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Monday, May 16, 2011

"Class warfare" -- words with a past

by John MacBeath Watkins

Paul Ryan is accusing President Obama of "class warfare" because he calls for increases in taxes on the wealthy. Nothing new there, you say, we've been hearing the term for years, but you may not know that the term has a history.

I didn't know this myself, until I read a 1937 book titled The Spirit and Structure of German Fascism, which I wrote about here.

Of course, the concept of class struggle is better known in Marxist theory, and they were all for it. What's less known is that in the fascist movements of the 1930s, class warfare was a different kind of rallying cry. The fascists believed in the natural inequality of mankind, and believed that the class structure was both natural and necessary.

Mussolini claimed that this inequality was "irremediable, fruitful and beneficent," and the Nazis were so certain of the biological determinacy in their philosophy that they felt the sons of laborers were born to be laborers, the sons of industrialists were born to be industrialists, etc. About the only way around this was advancement through the Nazi Party. Or, of course, you could have the outward trappings of superiority -- wealth and status -- but be Jewish, and therefore the rule saying all wealth was earned and deserved didn't apply to you.

If we are born to the station we are suited to, class warfare would be against nature, not merely wrong from the point of view of those now at the top of society but wrong and repellent from the standpoint of what is natural for people -- so class warfare would be the ultimate evil.

Now, Paul Ryan is no fascist. He is more of an Objectivist, a follower of Ayn Rand's philosophy. In this philosophy, if you are poor you should get rich, and if you can't, you should admit that you're not good enough to be rich. But strangely, Objectivists are also against inheritance taxes, even though inherited wealth should not be a reflection of personal worth. This has always struck me as a little strange, and perhaps a reflection of the fact that some in this movement admire wealth, and see it as a sign of personal worth regardless of its source.

It strikes me that both the fascist and Objectivist approaches to inequality are philosophies that attempt to make people comfortable with the way the world is by explaining the inequities they see around them as just. In fact, Leonard Peikoff, founder of the Ayn Rand Institute, says something similar to this -- that Objectivism assumes a "benevolent universe" in which, if you adapt to the world, you can achieve your values. This competes with the dystopian view of Marxists, which says that the world is unjust, and you must make it just by overturning society.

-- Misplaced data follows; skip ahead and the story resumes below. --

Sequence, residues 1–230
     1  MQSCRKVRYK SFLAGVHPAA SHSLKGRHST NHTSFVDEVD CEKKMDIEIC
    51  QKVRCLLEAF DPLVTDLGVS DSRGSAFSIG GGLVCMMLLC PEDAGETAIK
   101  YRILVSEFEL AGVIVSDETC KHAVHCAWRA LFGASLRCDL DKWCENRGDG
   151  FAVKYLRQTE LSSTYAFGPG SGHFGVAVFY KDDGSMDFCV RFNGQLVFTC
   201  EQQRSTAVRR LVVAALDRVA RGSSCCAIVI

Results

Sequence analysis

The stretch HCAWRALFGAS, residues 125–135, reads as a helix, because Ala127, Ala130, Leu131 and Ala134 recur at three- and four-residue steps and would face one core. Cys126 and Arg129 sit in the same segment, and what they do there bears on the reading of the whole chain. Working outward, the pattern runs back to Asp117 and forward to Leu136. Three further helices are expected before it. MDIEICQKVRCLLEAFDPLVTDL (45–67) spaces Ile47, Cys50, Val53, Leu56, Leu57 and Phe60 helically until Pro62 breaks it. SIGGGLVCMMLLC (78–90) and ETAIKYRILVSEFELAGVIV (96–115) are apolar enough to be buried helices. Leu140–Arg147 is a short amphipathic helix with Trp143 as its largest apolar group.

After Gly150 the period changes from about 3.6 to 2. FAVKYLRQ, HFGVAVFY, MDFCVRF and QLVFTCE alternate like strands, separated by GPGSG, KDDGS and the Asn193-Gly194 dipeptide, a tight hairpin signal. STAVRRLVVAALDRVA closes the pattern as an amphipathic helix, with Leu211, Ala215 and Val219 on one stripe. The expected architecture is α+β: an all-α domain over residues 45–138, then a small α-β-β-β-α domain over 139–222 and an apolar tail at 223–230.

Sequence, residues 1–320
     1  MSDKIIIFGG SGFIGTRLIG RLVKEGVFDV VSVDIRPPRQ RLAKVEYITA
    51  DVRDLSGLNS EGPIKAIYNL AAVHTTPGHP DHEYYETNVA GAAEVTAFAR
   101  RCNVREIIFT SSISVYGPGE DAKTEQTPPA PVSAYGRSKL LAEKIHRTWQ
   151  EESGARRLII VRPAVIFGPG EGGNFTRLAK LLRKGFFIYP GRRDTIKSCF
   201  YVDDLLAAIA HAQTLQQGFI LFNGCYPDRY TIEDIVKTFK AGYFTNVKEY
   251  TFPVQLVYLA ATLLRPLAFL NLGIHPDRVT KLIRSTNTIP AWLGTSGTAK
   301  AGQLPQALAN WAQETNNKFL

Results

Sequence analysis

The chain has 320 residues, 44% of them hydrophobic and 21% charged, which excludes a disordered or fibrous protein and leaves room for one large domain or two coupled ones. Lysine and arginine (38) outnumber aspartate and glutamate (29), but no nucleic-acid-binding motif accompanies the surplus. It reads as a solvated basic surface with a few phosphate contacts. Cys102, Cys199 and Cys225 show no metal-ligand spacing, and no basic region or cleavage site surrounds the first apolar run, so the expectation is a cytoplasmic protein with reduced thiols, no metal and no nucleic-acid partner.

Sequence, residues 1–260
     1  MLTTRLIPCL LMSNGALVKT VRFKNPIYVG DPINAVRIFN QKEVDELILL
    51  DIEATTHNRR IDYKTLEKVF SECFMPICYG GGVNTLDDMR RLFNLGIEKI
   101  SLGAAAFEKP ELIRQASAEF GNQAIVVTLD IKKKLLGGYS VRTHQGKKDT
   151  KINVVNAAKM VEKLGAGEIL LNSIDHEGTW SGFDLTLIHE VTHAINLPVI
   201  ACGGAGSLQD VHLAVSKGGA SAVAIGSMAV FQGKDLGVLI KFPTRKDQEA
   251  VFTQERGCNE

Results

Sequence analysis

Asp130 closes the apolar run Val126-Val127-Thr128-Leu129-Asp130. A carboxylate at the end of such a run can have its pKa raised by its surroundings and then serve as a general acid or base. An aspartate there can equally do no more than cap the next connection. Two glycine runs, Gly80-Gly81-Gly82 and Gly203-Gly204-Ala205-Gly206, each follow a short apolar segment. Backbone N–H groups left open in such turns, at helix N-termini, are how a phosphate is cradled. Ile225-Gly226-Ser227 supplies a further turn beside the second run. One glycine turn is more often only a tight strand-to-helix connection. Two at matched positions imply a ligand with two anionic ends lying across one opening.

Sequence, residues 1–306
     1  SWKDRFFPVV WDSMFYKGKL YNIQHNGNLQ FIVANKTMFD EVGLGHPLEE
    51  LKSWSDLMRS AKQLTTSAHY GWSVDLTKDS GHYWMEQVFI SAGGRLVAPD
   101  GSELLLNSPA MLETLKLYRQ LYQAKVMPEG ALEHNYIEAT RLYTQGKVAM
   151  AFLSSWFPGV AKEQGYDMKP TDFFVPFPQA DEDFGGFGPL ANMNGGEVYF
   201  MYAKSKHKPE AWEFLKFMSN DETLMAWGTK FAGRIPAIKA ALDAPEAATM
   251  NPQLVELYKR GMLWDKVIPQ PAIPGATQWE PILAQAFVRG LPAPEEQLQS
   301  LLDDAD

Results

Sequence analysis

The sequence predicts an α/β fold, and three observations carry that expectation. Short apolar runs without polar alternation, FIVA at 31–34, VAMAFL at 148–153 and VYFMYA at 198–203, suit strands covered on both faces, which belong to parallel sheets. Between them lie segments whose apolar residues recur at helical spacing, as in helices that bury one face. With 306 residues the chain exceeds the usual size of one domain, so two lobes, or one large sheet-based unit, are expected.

The fascist view is an example of the "just world" fallacy, which we explored in this post. The Communist view is perhaps even more unrealistic, that the world is unjust, and by blowing up the whole show you can make it just. The progressive view, that the world is in some ways unjust, and we ought to fiddle with it a bit to see if we can make it a bit more just, lacks the intellectual purity of these extreme viewpoints, which is actually what I like about it.

But there is a niggling little detail that makes nonsense of Ryans claims. CBS reports that Ryan claims Obama is "sowing social unrest and class envy" by pushing a tax increase on the wealthiest individuals in order to help address the deficit and debt.

Yet Ryan's own Roadmap for America proposes to shift the tax burden from the wealthiest to the middle class. Why is it "class warfare" and "sowing social unrest and class envy" to increase the taxes on the rich, but not to decrease them? And why is an increase in taxes on the middle class not as bad as an increase in taxes on the wealthy? Either way, government is changing the distribution of wealth from our present system.

Ryan says he worries about "a class of governing elites picking winners and losers, and determining our destinies for us."

 Why, heavens. These faceless fiends might do things like letting an academically unimpressive George W. Bush into Yale, or bail him out when his business ventures looked like they might fail, which might help determine his destiny. The "governing elites" might even pass big tax cuts for the kind of people who donate money to their campaigns so they can get re-elected, thereby picking "winners."

It ain't a just world, Paul Ryan, and if you want to make it a little more just, you're not helping.

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